Title: Pelican Fables
Cover Artist: n/a
Author: Ian Grey
Amazon: Buy Link The Pelican Fables
Genre: gay fiction/gay romance
Length: 142 pages (ebook only from the publisher site)
Rating: 4.5 out of 5
A guest review by Sirius
Summary: Out of age story where the main characters absolutely charmed me.
Carter Moran is a handsome new faculty member at Melbourne Prep, the Melbourne Preparatory School for Boys. After obtaining his master’s degree, Carter has accepted a one-year teaching position at Melbourne before he is to begin a fellowship at Harvard University. But amidst the conservatively charged atmosphere of the Melbourne School, Carter begins to come to terms with his sexual identity – an awakening made more difficult by the close relationship that develops between Carter and Adam Proffit, one of the school’s most promising students whom Carter suspects may be secretly attracted to him. While Carter tries in earnest to keep his relationship with Adam at arm’s length, this is complicated by Adam’s increasingly bold advances. Carter is torn between coming to terms with himself, maintaining the integrity of the teacher-student relationship, and fearing that he will either lead Adam on or break his heart in the process. After the friendship that develops between Carter and Adam crosses the line, the futures for which they have worked so hard hang in the balance as their fates are decided by a less than understanding school administration. At a school that prides itself on forging great leaders from the young men who go there, Carter and Adam are forced to decide who they want to become – a decision that will change their lives forever.
I decided to review one of my older favorites in this genre. As the blurb tells us, Adam is a senior student in the prestigious and very expensive high school for boys from influential and rich families, and Carter has accepted a teaching position there. I enjoyed both Carter and Adam’s journey very much.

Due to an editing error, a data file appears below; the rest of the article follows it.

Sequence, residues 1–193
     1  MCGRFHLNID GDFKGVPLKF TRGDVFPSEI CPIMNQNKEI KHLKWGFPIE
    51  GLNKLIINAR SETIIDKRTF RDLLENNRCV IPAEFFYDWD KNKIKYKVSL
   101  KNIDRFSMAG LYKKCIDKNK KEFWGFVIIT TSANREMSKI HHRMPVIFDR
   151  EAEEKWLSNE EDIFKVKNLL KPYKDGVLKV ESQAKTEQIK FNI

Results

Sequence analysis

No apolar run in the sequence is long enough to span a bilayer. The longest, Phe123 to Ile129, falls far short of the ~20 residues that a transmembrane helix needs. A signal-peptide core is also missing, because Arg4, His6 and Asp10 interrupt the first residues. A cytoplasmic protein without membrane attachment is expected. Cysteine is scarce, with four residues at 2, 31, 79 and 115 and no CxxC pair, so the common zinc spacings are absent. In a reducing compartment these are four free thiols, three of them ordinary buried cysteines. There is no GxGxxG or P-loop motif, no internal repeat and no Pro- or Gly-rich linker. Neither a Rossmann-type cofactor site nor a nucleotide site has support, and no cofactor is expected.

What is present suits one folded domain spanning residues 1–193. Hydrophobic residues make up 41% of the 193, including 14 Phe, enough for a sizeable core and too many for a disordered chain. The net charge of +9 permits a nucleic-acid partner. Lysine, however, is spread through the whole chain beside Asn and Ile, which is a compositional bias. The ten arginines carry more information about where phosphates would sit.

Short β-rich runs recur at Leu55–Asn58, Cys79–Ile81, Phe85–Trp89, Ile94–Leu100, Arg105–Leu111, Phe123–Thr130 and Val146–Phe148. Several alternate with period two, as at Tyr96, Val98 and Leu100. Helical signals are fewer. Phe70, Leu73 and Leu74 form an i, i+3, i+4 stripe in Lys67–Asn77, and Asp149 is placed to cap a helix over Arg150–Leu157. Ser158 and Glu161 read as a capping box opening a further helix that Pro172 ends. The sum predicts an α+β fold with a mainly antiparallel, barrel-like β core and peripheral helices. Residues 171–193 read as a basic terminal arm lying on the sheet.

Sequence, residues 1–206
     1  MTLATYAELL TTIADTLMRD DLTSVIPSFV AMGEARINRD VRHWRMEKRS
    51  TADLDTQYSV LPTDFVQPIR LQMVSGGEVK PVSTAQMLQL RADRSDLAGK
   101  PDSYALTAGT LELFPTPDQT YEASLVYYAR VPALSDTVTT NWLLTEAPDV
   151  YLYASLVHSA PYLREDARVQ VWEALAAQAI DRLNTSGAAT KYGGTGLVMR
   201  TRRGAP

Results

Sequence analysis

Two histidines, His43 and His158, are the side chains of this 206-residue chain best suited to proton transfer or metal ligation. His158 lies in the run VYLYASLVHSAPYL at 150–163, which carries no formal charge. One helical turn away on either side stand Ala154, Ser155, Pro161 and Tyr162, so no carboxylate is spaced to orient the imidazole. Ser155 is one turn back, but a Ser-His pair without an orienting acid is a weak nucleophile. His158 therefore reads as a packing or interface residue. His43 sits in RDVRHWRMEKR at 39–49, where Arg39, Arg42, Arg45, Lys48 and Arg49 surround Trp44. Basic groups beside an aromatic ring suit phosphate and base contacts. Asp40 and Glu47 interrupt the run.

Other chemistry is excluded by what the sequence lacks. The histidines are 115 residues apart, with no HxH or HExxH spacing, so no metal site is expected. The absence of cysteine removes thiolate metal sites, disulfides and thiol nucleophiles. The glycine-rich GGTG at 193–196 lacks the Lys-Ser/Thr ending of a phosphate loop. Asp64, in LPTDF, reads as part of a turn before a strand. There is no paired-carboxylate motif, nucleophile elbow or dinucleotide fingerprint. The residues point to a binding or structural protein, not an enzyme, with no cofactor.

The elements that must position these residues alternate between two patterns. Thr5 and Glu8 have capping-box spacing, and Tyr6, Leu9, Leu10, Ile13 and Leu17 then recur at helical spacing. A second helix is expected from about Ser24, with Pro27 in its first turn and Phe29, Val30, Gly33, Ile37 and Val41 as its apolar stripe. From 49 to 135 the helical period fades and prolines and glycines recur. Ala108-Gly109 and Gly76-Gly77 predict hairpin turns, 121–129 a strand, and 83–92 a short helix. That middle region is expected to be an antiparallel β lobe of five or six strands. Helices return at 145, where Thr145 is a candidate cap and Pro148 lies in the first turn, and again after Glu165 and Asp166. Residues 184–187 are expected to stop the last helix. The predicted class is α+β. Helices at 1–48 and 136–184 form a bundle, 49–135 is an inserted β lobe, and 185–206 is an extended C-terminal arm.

Two warnings. First, if a sexual and more relationship between teacher and student bothers you, stay away. I would not say that it is really a love story, because the blurb is correct in that Carter tries hard to reject Adam’s advances because he is a teacher and because Adam is so very vulnerable. However what happened did not bother me in the slightest especially since it was not a continuous affair. And besides, Carter is twenty-two and Adam is eighteen. If we can read stories where age difference sometimes reaches twenty-five years (which I for the most part find too unbelievable), I would think that four year difference is negligible. However again if you cannot stomach any affairs between teacher and student, stay away. I did not feel anything but compassion and pity for both of them.
Another warning: you may find the ending unexpected and disappointing. For me it was perfect and everything worked out as I wanted it to, but I can see how people may be disappointed.
I thought these two guys were such great characters. Adam is a very nice guy, somebody who is one of the brightest students in the school where pretty much everybody is driven to succeed either because of their own desires or because of the expectations that their families put upon them. There are a lot of good things that this school teaches its students, and the author shows it, but at the same time we see that school’s officials are very, very hostile towards seeing even a hint that a student or teacher may be gay. Adam knows that he is gay, but he worked extremely hard to conceal that fact from everybody. And at the same time he is an eighteen year old, who is pretty desperate to have somebody return his feelings at the time we meet him. I think that the argument that he was in love with “idea of love” was quite solid. And I really liked Carter, somebody who overcame a tough childhood, achieved so much in his life already, and who is clearly destined for even bigger and better things.
I really liked another person in this story, however, to talk about this person would be talking spoilers and I really do not want to. I loved that author showed the students’ life, their studies and social activities. I loved that Adam was not just sitting around and feeling sorry for himself, but participated in a lot of things and to the fullest extent of his many talents.
I thought Adam behaved very in character at the end and was cheering him on. I thought he deserved it very much and that’s what his real love was shown to be basically from the beginning of the book.
I also really enjoyed that the author shows that change may start to come in the school and maybe one day new gay students and teachers will be able to breathe in Melbourne instead of suffocating like Adam and Carter and other people. I actually felt that author showed what such a repressive, conservative atmosphere can do to a student unsure of his sexual identity the best on the example of that person “who must not be named”. I felt so bad for him and was so happy for him as well. I believed that such atmosphere can mess up with your head that much. Your mileage may vary of course.